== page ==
There are days and then there are days when it feels like every subatomic particle in the universe is working against you. Today was the latter.
This was the first morning before a race I was not up, ready and mentally prepared for go time.
It went something like this:
6:41am: Ohmygodohmygodohmygod. It’s light out. Phone. Time. What time is it? CRAP. I can’t run 40 minutes late right now. Clothes.
6:58: Teeth brushed, check. Hair up, check. iPod, bag, Aleve, Blue Cream on, running shoes, check, check, check.Ok go time.
7:15: Here comes Kelly. Ready. She’ll get me there by 7:45.
7:37: This can’t be a detour. It can’t be. Can’t we just pretend we didn’t see the sign? Avoided the roadwork, ok. Making good time. Wait…what do you mean we can’t turn there? We have to go back??!!
7:47: I’m gonna be late. I’m gonna miss it. I’m not gonna make it. Oh well.
7:48: Flip it. This is just a warm-up to get the blood pumping. I’ll be fine. They never start on time. I’m already registered.
7:52: Made it. Ok. Get the big and drop the bag.
7:53: Really? I’m number 1313? Really? Is this for real?
7:56: What do you mean the nine-mile starts at 9? THE E-MAIL SAID 8! It said 8:00am. I swear. I have it right here. Oh. I guess I really am number 1313 today.
8:01: Kelly, what do you wanna do for an hour?
And, that was all before the start.
My mom came to watch this one. Not that there’s much to see accept the start and finish. But she gave me my race thought today and I was thankful.
I’m always on the lookout for a new mantra while I’m out on the course trying to survive. I try to use something I hear or feel the day of the race to think about while I run.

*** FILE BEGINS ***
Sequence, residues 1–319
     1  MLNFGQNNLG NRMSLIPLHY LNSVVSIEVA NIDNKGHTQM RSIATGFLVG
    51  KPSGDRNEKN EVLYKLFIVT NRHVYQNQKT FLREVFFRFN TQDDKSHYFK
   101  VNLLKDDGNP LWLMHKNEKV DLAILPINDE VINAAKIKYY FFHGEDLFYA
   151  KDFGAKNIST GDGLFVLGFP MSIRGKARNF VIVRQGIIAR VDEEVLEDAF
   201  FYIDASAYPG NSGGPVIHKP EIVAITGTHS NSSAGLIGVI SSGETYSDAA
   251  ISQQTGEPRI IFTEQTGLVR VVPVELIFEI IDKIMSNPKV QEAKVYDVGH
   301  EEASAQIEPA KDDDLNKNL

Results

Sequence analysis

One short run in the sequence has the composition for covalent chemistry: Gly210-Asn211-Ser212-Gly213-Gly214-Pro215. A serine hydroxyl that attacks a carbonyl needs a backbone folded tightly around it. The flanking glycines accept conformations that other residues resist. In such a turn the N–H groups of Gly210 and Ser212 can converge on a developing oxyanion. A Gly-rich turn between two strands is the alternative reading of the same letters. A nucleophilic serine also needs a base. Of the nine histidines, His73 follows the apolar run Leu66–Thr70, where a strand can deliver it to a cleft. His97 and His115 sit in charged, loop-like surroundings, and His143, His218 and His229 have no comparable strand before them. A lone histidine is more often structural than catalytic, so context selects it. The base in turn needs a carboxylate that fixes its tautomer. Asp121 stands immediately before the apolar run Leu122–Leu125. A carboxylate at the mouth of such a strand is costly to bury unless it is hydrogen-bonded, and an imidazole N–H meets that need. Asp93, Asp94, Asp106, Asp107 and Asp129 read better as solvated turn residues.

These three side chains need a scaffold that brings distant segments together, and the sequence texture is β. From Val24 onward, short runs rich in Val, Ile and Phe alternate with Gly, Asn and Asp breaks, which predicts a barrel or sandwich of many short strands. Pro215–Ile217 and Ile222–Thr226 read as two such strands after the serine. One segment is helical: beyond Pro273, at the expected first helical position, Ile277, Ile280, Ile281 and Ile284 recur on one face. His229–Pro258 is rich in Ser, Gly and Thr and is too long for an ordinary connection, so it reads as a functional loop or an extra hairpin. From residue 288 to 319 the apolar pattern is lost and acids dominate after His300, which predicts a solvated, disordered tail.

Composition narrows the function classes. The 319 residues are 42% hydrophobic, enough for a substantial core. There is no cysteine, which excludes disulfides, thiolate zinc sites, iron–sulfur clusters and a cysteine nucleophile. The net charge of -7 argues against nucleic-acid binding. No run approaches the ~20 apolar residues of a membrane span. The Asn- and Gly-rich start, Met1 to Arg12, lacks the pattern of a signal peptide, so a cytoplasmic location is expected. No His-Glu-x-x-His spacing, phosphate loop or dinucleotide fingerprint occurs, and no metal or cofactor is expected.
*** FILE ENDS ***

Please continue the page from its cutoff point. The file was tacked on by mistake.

I listen to everyone and soak up the excitement pre race for something to keep in mind. It’s a practice in awareness for me.
Today, it was the wisdom of Linda.
To say I was nervous about this race was an understatement. I’d done a lot of flip meditation the last three days because a lot of jitter-causing thoughts kept coming. I was not up for this race mentally to begin with, no matter how hard I tried to change my mindset.
My mom knew this. She knows everything about me.
At the initial gather toward the start (before the spectators get separated from the runners), my mom told me one last thing: run like you’re in last place.
When my dad was campaigning for sheriff, everyone told him not to worry about it. He “had it in the bag”. He told them he was going to run his campaign like he was in last place.
Run like you’re in last place. I like that. I feel it. She hugged me and said good luck. I told her I’d see her in about an hour and a half and she stepped aside. We took off.
The first mile was nothing short of redemption for the way the day started. I felt good. I glanced at the Garmin to see I was killing on pace and I was happy about that.
I knew it wouldn’t last forever, so I pulled back and settled in.
Run like you’re in last place.
I picked up a little and passed someone.
At about two and a half miles, I hadn’t seen a marker and broke down to look at my watch. We headed down a trail head where we would turn around a cone. The 3.5 milers first, then 9 milers further down.